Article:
How bipolar episodes cycle and present for an individual depends “on all kinds of things,” Dr. Galynker says. “It depends on the person, age, illness severity, which medications they are being treated with now, which medications they were treated with previously, whether they are taking their medications—all sorts of factors.”
So, as you can imagine, bipolar disorder can be very complex to treat and manage. “Part of what makes for successful treatment is keeping open and regular communication between a patient and their doctor,” he notes.
5. Not everyone’s symptoms and patterns fit neatly into the clinical guidelines for diagnosing bipolar disorder.
According to the clinical guidelines within the latest edition of the Diagnostic and Statistical Manual of Mental Disorders (DSM-5), a person with bipolar disorder needs to present a certain number of specific symptoms to be considered manic/hypomanic or depressive. “If you have, let’s say, two or three of the four symptoms you need to clinically be having a mood elevation, we would call that partial remission, or having subdiagnostic symptoms,” Dr. Marsh says.
But Dr. Marsh emphasizes that just because a person doesn’t meet all of the clinical criteria for having a mood episode, that doesn’t mean their mood changes should go ignored or without intervention. “Our main concern as clinicians is when symptoms become dysfunctional,” she says. “When there is a clear change in thinking and behavior, we want to address that quickly and early.”
6. You can’t simply snap out of a mood episode.
If someone is already in a full mania/hypomania or depression, medication is needed to treat symptoms. “One cannot pull themself out of a mood episode,” Dr. Galynker says. “Sometimes people will have this awareness that they are in or near an episode, but not all the time depending on the person’s own level of awareness and familiarity with their symptoms as well as the severity,” he says—and this may affect whether or not they have the awareness to then take their medication.
Some medications for bipolar disorder can treat mania, hypomania, and depression, while other drugs only treat certain episode types or combinations. Some medications can prevent symptoms from becoming a full episode if taken in time.
In many cases, a person will exhibit similar early signs when a mood episode is coming on, Dr. Galynker says (e.g. changes in their voice, they start sleeping less, they are dressing differently). So ideally a person is somewhat familiar with those initial symptoms and can recognize them and implement the appropriate treatment before they tip into a full episode.
“Like all of us, for a person with bipolar, their mood can change before they’re necessarily even aware of it. We call this insight—do you have insight that you’re not behaving and thinking in your normal, healthy fashions?” Dr. Marsh explains. Level of insight is very variable, “but it tends to be that people who have insight during their early episodes keep that insight, and those who don’t have that insight are less likely to have it moving forward,” she says.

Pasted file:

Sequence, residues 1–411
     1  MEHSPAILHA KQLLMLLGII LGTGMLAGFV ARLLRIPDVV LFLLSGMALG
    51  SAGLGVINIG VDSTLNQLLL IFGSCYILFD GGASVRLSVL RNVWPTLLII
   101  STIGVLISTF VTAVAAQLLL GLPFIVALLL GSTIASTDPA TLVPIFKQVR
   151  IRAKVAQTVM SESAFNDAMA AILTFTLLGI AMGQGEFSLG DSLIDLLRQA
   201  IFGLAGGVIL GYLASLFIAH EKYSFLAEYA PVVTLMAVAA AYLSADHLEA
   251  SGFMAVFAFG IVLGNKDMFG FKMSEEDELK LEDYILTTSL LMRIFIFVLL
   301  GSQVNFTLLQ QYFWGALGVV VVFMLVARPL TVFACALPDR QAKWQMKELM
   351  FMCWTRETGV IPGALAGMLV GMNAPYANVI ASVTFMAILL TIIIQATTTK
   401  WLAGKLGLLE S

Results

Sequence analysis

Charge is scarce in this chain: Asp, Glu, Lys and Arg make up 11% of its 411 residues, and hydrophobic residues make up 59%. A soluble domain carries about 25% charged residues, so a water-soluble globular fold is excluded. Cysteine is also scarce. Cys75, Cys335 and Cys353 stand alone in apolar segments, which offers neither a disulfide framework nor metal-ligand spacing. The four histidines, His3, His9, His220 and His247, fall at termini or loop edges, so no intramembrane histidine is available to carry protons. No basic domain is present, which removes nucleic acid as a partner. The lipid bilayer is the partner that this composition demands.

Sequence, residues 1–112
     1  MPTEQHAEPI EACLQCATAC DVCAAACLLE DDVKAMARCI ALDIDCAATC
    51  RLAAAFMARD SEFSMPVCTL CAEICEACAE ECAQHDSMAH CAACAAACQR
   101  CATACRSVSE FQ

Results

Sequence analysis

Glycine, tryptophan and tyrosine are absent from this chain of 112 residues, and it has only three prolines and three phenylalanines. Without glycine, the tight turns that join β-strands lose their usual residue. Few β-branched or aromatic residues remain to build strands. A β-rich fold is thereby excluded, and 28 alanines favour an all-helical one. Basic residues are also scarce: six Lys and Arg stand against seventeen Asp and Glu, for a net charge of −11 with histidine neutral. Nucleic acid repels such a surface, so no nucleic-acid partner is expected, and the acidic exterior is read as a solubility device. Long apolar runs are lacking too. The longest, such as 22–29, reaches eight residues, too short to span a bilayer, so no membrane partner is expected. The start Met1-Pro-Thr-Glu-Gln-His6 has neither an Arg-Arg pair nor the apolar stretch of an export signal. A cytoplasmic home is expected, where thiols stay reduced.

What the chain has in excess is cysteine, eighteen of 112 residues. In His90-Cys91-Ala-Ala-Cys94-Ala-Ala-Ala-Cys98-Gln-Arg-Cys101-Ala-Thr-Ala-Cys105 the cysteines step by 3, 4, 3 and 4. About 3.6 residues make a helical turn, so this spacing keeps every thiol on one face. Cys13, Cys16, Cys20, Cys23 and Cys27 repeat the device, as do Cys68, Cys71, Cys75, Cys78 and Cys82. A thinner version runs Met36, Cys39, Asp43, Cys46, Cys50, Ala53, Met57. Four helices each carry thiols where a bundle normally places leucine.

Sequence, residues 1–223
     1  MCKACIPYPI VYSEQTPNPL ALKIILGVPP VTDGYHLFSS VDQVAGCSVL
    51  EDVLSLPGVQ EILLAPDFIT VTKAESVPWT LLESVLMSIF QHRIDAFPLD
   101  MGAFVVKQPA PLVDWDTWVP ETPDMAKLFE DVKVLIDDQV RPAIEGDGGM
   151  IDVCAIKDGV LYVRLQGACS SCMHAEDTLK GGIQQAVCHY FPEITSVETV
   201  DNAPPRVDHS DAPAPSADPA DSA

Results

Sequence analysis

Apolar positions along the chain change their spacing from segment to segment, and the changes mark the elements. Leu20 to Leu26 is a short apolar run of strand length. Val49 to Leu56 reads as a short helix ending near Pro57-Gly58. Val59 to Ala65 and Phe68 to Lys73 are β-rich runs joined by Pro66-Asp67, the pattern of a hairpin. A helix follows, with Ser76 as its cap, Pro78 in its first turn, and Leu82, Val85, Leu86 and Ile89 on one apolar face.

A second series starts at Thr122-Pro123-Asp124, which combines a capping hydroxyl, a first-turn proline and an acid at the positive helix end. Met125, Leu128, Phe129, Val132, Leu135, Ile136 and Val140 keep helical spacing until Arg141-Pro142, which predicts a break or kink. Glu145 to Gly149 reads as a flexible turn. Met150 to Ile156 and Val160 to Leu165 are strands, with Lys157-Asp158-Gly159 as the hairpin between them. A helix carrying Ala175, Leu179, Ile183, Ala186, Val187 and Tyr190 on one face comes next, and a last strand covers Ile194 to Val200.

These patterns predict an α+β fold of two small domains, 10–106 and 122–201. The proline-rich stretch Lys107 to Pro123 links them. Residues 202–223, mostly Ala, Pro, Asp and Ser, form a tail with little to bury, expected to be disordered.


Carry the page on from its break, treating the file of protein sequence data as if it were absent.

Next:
This is where psychotherapy plays an important role, Dr. Marsh says, as it helps teach a person with bipolar disorder how to spot and manage those early symptoms.
7. Bipolar disorder is something you have to learn to manage for the rest of your life.
“Bipolar is a lifelong diagnosis that starts usually in the late teens or early 20s,” Dr. Marsh says. “And, ideally, very soon after those first mood-elevated episodes, that person is getting word from the appropriate experts and clinicians that they are at risk for the rest of their lives of having another [episode].”
So, a person with bipolar will very likely be on medication and working with a therapist all throughout their life. “The symptoms don't magically disappear because I go to therapy and I have medication and I've taken the time and effort to develop coping mechanisms,” Emma says. “Having a mental health disorder is like having a cold, but the cold is in your head. Sometimes I need to sleep a little more. Sometimes my appetite isn't there. And I need my medication to help the process along.”
8. People with bipolar are not “crazy” or dangerous.
“I think people sometimes have the misconception that people with bipolar disorder are ‘crazy,’” Emma says, which is a stigmatizing term for any person living with mental illness. “And that's simply because they don't understand what it means or what living with it looks like,” she adds.
“People think you're incapable of making logical, rational decisions,” Andrea, 41, who was diagnosed with bipolar II in 2010, tells SELF.